A bizarre fear grips regulated industries in Washington, DC, no matter the industry or the political bent of the sitting Administration. It’s called “fear of reprisal,” and it means industries will not publicly – and often privately – challenge the actions or decisions of a government department or agency, no matter how silly or stupid those actions are thought to be, for fear the agency or Administration will do them regulatory harm, as in delay review of an application, pull off a “surprise” inspection of a plant, or other such punishment.
I’ve never asked a regulator about this phenomenon; however, I hear it voiced often at industry meetings when hard edged strategies are suggested. Being a former reporter, I’ve asked various industry reps for examples of companies victimized by vengeful regulators for disagreeing publicly with a policy or decision. I never heard a first-hand account.
I suspect the departments and agencies are well aware of – and may in fact count upon – the industry shying away from any type of public showdown or criticism. I don’t believe most regulators sit around thinking of ways to harass or “punish” industry or foster the notion all regulatory decisions carry implied threats if opposed. However, I’ve met my share of male and female regulatory Napoleons.
Just the reverse seems to be true if an activist group of any stripe with a hot media machine and blind eye to all but your own philosophy/politics gets its back up. I’ve seen regulatory agencies over the years – and in some cases the White House – do back flips to keep one or more chest-thumping activist groups (we call them “NGOs” – nongovernment organizations) from cranking up the media machine and raining all kinds of ugly on the politicians or bureaucrats.
Again let me say this is an apolitical rant, but my experience tells me if governments reacted to activist opinion/demand and implied threats of negative media as they do to industry pleas or threats of political interference, we’d have better policies, more practical regulations and overall better government. So why does the bureaucracy fear activist indignation and not that of industry? In the grand scheme of things, our weakness is our roundheadedness. We follow the rules of engagement; the other side generally does not.
Political issue “management” assumes industry won’t rock the boat because, in part, of the revenge fear I described. The NGO can say what it wants to whom it wants with general impunity. The agency/department may know full well the NGO’s public accusations are 100% incorrect, dishonest or both. However, when was the last time you heard any government entity – local, state or federal – call out a bogus claim of an NGO?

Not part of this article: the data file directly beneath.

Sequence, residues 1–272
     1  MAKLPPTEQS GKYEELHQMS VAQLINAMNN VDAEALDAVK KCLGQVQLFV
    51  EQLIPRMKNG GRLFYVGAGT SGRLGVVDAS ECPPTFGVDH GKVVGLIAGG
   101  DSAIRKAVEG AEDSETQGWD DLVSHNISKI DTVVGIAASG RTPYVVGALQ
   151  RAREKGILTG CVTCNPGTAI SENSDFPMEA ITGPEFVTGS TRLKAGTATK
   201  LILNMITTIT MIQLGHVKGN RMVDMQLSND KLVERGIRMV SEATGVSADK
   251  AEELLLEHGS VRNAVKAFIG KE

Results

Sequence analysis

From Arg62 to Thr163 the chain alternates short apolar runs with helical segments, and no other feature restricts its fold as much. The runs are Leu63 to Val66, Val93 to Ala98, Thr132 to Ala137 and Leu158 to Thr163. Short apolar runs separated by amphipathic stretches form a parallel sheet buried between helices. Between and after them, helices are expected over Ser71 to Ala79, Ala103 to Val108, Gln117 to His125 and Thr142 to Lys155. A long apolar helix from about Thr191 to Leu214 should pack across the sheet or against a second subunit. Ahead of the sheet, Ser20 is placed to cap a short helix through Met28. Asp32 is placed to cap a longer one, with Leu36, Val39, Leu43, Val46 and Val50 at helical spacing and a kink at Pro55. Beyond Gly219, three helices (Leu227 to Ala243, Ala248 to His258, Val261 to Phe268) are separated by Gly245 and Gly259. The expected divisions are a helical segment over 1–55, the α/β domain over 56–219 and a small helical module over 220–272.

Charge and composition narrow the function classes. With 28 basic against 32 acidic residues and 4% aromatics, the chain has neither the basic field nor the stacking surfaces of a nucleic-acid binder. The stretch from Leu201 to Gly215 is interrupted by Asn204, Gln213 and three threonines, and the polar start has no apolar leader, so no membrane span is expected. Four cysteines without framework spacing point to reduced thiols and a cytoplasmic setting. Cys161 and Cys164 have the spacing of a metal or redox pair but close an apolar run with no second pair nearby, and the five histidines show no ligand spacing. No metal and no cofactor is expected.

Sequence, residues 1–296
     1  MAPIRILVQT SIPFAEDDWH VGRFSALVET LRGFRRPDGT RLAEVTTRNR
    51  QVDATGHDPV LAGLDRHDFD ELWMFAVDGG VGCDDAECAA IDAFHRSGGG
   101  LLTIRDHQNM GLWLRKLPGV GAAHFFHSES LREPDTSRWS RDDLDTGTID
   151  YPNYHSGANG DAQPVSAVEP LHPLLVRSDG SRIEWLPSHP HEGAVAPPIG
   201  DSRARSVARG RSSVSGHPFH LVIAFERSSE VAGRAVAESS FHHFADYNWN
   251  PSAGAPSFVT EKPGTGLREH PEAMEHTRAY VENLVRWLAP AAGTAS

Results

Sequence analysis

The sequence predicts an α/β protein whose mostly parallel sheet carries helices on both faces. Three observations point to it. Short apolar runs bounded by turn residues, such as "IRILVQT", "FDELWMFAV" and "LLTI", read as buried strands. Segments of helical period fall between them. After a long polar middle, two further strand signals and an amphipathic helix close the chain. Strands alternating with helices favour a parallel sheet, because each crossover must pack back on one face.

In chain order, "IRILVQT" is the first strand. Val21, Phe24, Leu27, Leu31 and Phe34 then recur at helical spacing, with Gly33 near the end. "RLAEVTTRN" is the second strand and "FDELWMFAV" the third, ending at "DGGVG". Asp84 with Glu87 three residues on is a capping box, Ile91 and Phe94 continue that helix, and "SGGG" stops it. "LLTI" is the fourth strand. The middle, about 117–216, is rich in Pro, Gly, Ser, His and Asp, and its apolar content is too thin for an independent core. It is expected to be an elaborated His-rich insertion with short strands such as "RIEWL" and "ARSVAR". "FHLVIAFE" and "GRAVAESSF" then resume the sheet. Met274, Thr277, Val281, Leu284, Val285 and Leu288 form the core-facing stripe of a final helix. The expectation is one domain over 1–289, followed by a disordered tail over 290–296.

The offending NGOs are self-proclaimed “grassroots” groups with “consumer,” “safety,” “welfare” or “environment” in their titles which loudly and often declare with great hubris they are the David to the industry/government Goliath, existing to “protect” consumers, the environment, animals or another “voiceless” group. They claim memberships in the millions, implying they control how all of those millions will vote in any election. They exist by raising baskets of tax-deductible dollars off consumer fears of the next real or concocted safety, environmental or economic crisis.
These NGOs are successful because politicians are predictable in their rabbit-like reaction to an actual or threatened media assault on their character. Success is also pegged to a predictable general media swarm to these attacks likes sharks to chum. The press multiplies the wrath/claims of these groups across the 24/7 news cycle, at the same feeding the considerable egos of the groups’ founders or principals. Ask yourself this – how many times have you read a newspaper story or seen a TV segment about something directly affecting or about animal agriculture and the only “source” reporting – other than maybe the government — is from an anti-industry NGO?
Politicians and bureaucrats understand you never make 100% of the people happy 100% of the time. They know they’re in for inflammatory press releases accusing them of destroying the environment, poisoning citizens or giving every 12-year-old a gun, a box of ammo and a six-pack. Hop to the industry side of the political spectrum, and the politico hears he/she is out destroy free enterprise, eliminate jobs, throw families into the street and/or cheer the end of capitalism as we know it. This is part of the gig you signed on for.
If the attacks from either side of an issue are worthy of response, let it be an honest one. If the allegation is wrong, say it’s wrong. If you did a good job, claim the credit and let it be your testimony. Tell the media to check its facts, or provide the facts that balance the story. The responsibility to take a difficult policy stance or render an objective program decision should never be abdicated by sitting on our thumbs out of fear of “public reaction.”